At 7 AM we packed up our gear and took the long uphill hike up the mountain to our vans. This was the same hike we had taken yesterday. I can tell you that it seemed a little bit easier this time around. We then arrived at our hotel at about 8:15. How could I face this breakfast again? Decided not to and wandered over to Starbucks for a venti cold brew. it was time to go back to my room and cuddle up in my bed after taking a long cold shower. Could not sleep and finally wandered over to get some durian and coffee. My new favorite combo. We were all meeting at 2:30 for our last afternoon in Guilin and the Karst Mountains.

How can I describe the afternoon? It was one adventure after the other in horrible heat and humidity. We arrived at Xingping at about 3:30 and Michael took us to a factory where some local artists had made large beautiful fans and paintings of the local area. I was tempted, but continually heard Olivia saying “What am I going to do with this?” Some of us bought fans and the scroll pictures. Andy bought six for his family as gifts. It was then a walk down to the Li River edge. There were lots of local long boats with weird looking motors on the back, transporting locals up and down the river.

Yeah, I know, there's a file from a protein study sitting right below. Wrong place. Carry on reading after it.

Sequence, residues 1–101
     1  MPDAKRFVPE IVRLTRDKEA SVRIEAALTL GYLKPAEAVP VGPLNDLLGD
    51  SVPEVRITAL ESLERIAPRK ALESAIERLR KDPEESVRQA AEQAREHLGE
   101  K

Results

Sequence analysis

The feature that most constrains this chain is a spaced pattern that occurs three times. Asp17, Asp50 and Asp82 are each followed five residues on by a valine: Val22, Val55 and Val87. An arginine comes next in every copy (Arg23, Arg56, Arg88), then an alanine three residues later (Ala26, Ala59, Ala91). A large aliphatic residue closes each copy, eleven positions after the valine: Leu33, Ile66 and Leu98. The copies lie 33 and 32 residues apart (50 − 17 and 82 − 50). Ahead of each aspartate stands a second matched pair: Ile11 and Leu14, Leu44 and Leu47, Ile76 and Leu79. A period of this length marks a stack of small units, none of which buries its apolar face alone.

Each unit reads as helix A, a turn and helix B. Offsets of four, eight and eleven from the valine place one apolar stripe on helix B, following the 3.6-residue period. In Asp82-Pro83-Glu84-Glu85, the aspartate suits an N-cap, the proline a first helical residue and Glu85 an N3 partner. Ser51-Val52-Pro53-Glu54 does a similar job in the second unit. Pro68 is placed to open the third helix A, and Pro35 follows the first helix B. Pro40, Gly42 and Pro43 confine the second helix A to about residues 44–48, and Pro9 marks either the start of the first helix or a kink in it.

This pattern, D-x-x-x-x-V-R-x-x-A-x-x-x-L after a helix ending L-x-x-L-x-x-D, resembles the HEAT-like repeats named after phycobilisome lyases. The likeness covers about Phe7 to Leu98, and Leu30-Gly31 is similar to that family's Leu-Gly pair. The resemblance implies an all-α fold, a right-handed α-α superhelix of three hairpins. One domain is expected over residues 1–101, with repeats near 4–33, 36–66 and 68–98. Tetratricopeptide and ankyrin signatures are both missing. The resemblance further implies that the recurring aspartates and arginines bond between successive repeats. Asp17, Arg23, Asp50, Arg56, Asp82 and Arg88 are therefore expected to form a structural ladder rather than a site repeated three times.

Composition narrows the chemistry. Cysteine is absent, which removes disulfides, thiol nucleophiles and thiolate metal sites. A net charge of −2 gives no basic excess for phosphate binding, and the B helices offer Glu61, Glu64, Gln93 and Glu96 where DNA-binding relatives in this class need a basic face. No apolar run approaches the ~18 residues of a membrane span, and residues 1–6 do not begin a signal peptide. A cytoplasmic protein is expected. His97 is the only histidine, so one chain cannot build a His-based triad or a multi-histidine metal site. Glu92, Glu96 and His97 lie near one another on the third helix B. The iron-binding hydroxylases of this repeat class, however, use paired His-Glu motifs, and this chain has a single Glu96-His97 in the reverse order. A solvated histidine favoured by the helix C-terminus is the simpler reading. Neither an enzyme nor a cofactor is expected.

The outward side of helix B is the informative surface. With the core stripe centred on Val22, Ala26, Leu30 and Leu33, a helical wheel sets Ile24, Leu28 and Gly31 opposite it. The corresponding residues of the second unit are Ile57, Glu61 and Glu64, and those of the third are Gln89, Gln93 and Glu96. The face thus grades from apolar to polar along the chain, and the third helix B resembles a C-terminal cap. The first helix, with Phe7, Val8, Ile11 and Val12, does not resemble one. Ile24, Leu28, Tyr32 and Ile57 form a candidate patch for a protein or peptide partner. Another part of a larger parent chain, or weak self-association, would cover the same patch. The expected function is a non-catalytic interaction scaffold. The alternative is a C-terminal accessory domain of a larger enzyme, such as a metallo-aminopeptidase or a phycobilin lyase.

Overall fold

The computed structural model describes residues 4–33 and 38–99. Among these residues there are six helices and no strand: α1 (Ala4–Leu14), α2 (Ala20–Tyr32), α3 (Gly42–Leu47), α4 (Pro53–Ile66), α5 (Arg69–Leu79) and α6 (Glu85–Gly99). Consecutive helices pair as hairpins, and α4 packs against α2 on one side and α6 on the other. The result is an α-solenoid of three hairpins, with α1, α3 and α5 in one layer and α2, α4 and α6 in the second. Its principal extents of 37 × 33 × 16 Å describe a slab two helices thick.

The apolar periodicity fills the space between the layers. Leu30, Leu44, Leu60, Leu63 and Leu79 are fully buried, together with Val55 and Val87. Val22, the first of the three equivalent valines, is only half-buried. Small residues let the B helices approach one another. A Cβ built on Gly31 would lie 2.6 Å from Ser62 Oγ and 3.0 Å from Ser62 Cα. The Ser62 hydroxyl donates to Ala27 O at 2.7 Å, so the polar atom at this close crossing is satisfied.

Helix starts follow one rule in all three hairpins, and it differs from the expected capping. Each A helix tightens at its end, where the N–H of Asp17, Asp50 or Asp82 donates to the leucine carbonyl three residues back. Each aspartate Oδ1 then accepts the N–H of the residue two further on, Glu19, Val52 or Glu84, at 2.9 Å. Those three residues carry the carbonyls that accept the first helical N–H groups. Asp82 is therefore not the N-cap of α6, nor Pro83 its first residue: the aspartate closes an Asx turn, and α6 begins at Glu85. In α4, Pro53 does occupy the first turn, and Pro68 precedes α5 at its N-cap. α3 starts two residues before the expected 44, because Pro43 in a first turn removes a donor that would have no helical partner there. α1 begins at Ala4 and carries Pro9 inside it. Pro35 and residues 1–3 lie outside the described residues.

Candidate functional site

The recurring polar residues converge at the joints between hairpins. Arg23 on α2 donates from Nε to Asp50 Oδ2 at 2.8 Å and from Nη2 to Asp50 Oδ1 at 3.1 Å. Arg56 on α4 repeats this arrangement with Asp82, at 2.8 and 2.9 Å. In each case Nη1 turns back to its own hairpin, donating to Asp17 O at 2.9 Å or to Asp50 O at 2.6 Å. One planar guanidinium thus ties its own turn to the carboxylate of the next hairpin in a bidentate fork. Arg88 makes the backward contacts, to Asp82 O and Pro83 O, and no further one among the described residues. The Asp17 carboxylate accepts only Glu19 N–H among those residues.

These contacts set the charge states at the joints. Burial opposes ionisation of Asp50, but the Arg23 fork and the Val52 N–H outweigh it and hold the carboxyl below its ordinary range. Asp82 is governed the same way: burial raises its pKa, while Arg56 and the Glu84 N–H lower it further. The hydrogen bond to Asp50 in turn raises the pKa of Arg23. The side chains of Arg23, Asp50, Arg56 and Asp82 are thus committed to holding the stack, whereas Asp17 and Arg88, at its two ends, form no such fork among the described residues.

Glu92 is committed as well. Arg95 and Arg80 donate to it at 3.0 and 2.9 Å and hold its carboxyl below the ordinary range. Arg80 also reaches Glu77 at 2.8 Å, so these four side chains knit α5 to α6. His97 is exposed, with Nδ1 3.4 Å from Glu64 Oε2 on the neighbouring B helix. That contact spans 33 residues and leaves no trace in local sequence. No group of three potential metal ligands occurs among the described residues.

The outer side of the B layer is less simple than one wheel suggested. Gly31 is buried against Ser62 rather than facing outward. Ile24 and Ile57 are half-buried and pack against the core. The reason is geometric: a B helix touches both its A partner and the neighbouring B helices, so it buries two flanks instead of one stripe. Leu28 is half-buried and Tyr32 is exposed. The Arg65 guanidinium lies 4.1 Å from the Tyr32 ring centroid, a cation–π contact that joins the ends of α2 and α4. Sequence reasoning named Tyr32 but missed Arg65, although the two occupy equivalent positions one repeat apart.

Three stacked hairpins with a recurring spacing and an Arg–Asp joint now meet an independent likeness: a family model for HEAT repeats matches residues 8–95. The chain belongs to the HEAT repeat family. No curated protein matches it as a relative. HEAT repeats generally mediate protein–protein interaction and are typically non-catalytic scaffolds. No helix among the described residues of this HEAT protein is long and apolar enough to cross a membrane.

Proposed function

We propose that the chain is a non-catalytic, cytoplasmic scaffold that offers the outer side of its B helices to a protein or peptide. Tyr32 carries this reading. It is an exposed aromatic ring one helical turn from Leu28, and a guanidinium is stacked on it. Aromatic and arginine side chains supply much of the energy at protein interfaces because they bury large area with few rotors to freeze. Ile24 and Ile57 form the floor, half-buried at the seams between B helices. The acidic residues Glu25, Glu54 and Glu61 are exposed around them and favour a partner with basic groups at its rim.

We then got back into the vans for a short ride to Yangshuo. We walked through the village and boarded a ferry for the other side of the river. It was then a hike to the home of one of the Cormorant fishermen. We were going to take some portrait pictures of him in his traditional dress and smoking a long pipe. He lived a long hike from the ferry landing. We finally reached a long and narrow large stone street or alleyway with doors on either side, lots of chickens running around and clothes and mops outside many of the doors. He lived at the end of the street or alleyway. The only way i can describe where he and his wife lived is that almost everyone reading this blog could not spend one night there. I have seen conditions like this before. The best description I can remember is when I visited some South African workers on a vineyard. The Cormorant fisherman welcomed us and he posed for many shots of himself in various possess and some of the possess had his smoking a long handmade pipe. We all clicked away and rotated around to get different viewpoints.